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Poblano ees no problemo

August 5, 2010

On impulse I bought a Poblano chile pepper plant a few months ago and stuck it in an open square of one of my front beds. I didn’t know anything about them but they looked interesting and any chile pepper harvest would force me to learn something new in the kitchen.

The plant adapted and grew well but wasn’t flowering at all; in the meantime the Napoleon sweet bell, Sheepnose pimentos and Jalapenos were providing steady pepper harvests. I didn’t worry about it much since I was certain it wasn’t a nitrogen overdose and I have read enough about some peppers requiring a long growing season. These are a native of Puebla state in Mexico (which everyone knows is below the Yucatan and deep in the tropics) so I figured this might need all the summer we get up here to produce.

So I used an old tomato cage to steady the big plant and basically forgot about it.

Fast forward a few weeks to a few evenings ago when a house wren got caught under the bird netting covering one of my Brandywine tomato plants. As I was lifting the netting I caught a nice chile pepper smell and found a couple of Poblanos had hatched right under my nose.

So now I need someone to tell me to how to dry these for powder or provide a recipe or two for fresh chiles.

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6 Comments leave one →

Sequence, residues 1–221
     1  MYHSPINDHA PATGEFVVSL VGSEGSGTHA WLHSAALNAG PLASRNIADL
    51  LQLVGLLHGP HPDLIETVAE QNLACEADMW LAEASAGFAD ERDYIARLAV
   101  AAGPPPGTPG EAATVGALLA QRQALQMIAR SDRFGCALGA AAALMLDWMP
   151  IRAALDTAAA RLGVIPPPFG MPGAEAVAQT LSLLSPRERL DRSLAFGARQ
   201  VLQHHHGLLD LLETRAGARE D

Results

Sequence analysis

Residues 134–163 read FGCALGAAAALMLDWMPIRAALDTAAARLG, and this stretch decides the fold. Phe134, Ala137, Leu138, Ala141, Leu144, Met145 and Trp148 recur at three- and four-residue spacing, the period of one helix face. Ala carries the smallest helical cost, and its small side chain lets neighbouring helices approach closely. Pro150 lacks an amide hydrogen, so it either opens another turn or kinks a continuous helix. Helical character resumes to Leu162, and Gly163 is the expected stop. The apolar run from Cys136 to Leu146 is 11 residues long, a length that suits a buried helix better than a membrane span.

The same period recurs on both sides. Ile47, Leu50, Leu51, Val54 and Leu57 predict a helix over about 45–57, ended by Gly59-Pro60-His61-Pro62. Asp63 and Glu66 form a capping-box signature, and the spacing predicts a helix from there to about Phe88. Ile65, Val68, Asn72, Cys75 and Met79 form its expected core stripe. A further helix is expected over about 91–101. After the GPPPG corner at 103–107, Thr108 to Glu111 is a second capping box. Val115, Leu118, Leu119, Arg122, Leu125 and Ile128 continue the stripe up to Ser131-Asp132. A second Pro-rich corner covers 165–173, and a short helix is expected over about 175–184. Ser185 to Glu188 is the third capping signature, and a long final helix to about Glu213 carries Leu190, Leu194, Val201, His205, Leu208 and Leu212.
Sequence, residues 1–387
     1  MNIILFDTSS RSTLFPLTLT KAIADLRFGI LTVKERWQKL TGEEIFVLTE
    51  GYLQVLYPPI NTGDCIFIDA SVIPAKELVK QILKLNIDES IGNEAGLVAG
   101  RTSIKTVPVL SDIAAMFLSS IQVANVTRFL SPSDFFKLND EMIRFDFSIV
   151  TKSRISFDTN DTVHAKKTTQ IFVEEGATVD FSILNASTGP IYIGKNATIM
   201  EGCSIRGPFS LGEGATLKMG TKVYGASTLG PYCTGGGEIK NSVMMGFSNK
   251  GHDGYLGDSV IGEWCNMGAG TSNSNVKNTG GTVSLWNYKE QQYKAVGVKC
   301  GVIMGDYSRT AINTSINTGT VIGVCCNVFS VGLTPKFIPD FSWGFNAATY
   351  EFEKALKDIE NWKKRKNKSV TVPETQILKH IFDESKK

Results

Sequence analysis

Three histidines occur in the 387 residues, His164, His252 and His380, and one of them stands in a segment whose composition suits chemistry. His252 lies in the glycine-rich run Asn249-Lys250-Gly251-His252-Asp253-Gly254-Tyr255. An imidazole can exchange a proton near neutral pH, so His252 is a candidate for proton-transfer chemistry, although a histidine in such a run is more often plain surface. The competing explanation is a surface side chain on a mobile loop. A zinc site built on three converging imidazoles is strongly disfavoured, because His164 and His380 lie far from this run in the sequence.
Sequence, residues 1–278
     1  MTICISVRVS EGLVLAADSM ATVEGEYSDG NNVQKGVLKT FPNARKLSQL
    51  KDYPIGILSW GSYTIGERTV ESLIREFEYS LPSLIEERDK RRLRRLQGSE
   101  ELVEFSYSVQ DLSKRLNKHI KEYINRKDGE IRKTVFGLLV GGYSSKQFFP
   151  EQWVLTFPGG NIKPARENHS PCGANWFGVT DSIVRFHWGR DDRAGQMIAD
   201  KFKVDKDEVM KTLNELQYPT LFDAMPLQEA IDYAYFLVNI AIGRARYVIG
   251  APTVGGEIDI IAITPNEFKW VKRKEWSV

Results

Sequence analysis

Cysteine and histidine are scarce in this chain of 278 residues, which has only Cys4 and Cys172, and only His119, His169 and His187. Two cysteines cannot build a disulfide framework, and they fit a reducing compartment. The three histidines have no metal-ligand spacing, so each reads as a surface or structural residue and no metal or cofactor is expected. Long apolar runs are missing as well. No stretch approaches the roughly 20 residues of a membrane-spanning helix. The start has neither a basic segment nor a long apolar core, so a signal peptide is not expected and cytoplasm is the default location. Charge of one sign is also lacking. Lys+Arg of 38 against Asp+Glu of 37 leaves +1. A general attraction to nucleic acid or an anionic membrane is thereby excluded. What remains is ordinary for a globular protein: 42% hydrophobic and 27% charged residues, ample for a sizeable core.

1. Haynes permalink
    August 6, 2010 9:22 pm

    Perfect pepper for chile rellenos!!! Look it up and do it right- I’m green with envy!!!

  2. August 6, 2010 10:18 pm

    That’s the smell that caught my nose – chile rellenos πŸ™‚

  3. jawja permalink
    August 7, 2010 6:37 am

    I didn’t know that you spoke Spanish. Could I get about 20 pounds of these poblano’s for dehydrating? Me like me rellenos.

    • August 7, 2010 8:41 am

      Your order has been received and is scheduled to ship in September 2014.

      Si?

  4. Pitmaster permalink
    August 12, 2010 5:56 am

    Just hang them out to dry. But would go the chile relleno route myself. Or roast them on a grill till charred, steam in a paper bag for 15 minutes, and peel the char off. You can then freeze to use later in making chile verde.

    CHILE VERDE

    Brown 2 lb. lean pork cubes in 2 tbsp. oil.
    Push aside, and add 1 large onion, sliced and saute.
    Add: 1 large can green chilies, chopped
    3 cloves minced garlic
    1 1/2 cups chopped tomatillos
    1 tsp. marjoram
    1 tsp. salt
    1/4 cup minced fresh cilantro
    1/2 cup water, or more

    Cover, and simmer 1 hour or till meat is tender.
    Serve over rice, top with a dollop of Mexican sour cream, sprinkle with more chopped cilantro.
    OR, make burritos in flour tortillas!

    **I use leftover, frozen turkey gravy instead of water…. If you use water, watch it very closely as it can scorch.
    **You can use either fresh or canned tomatillos.

    • August 12, 2010 6:30 am

      Hey PM, what a pleasant surprise & welcome to my silly arsed blog.

      Anyone who has made and posted a powerpoint presentation on how to butcher a whole hog has credibility for food related ideas. πŸ™‚

      I love the smell of these things on the plant and can’t wait to taste them.
      Thanks for the ideas.

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